One of the biggest mistakes beginners make when cooking fried rice is using freshly-steamed rice. It can make the dish a big, mushy mess!
Now, the question is how to dry out rice to make fried rice. After all, you need non-sticky, dehydrated, and slender rice grains to cook this scrumptious Asian dish.
The most effective way to dry out fresh rice for fried rice is to bake the rice for five to ten minutes in the oven. Alternatively, you can refrigerate the fresh rice for 30 minutes to dehydrate the grains or spread it on a tray and let it cool at room temperature.
Can You Use Fresh Rice for Fried Rice?
I’ve always wondered what happens when you use freshly-boiled rice for fried rice instead of old rice. Unfortunately, I realized it was not the best idea when I tried it myself.
Fried rice requires a dry and firm consistency to absorb the Asian flavors and taste authentic. Using fresh-boiled rice did not produce this desired result.
Remember that fresh rice contains excess moisture, which gets released when you stir-fry it with vegetables and sauces; this can create a final dish that is mushy and bland-tasting.
How to Dry Out Rice for Fried Rice?
I swear by using one-day-old refrigerated rice for cooking fried rice as it has a fluffy and slender texture without the excess moisture of fresh rice.
However, if you are preparing the dish from scratch and don’t have leftover rice, I suggest following the methods below to dehydrate fresh rice.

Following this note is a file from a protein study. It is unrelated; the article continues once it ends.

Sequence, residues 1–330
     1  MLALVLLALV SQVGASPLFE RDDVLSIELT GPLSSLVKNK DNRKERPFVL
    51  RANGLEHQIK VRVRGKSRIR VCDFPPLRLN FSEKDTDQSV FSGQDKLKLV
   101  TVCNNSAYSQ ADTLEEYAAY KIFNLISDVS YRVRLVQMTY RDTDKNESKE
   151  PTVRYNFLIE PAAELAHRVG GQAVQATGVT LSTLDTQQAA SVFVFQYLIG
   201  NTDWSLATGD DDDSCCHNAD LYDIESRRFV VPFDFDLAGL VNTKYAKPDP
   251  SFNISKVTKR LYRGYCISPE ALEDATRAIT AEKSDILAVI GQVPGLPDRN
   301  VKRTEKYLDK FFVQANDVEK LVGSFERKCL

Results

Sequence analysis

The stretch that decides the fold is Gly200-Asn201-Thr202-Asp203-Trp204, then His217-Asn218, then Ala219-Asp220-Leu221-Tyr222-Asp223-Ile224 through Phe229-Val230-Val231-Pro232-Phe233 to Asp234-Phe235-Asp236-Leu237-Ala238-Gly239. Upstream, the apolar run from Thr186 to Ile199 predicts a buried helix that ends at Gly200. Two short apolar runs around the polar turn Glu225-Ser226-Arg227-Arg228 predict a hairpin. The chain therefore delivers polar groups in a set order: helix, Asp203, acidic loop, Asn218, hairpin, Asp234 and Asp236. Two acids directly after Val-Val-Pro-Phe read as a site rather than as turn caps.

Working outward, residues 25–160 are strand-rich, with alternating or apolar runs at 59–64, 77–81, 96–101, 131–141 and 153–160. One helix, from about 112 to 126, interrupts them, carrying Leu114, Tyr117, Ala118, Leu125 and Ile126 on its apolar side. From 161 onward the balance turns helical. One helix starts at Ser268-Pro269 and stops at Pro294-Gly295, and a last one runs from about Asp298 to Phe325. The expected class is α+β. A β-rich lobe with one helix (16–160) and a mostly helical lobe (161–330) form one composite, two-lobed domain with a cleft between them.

Method 1: Use an Oven
Besides the refrigerator method, this is my favorite hack for drying rice. It’s quick, efficient, and does the job!
All you have to do is spread the rice evenly on a baking tray. Then, place the tray in the oven and bake for five to ten minutes at 350 degrees Fahrenheit.
When you’re following this method, keep checking the rice every five minutes to ensure it doesn’t lose all its moisture. You don’t want to end up with rice that’s harder than a rock!
Method 2: Use Less Water for Boiling Rice
This method is only applicable if you haven’t already boiled the rice.
The general rule of thumb is to use two cups of water for boiling for every cup of rice. However, I suggest reducing the water’s quantity to between 1 and 1 ½ cups to get dryer rice.
You must be careful while following this method, as the rice may burn if you boil it for too long. It may also stick to the cooking pot’s surface because of its low water content.
Method 3: Spread the Rice on a Tray
You should opt for this method if you don’t want to do much work drying the rice and have extra time.
You must transfer the freshly-boiled rice from the cooking pot to a tray. Then, spread the grains evenly and let them cool for at least 30 to 40 minutes.
While following this method, I also switch on the fan to speed up the cooling process.
Method 4: Refrigerate or Freeze the Rice
Refrigerating or freezing fresh rice is one of the most effective and straightforward drying methods, as the low temperatures in the fridge and freezer cannot hold moisture well.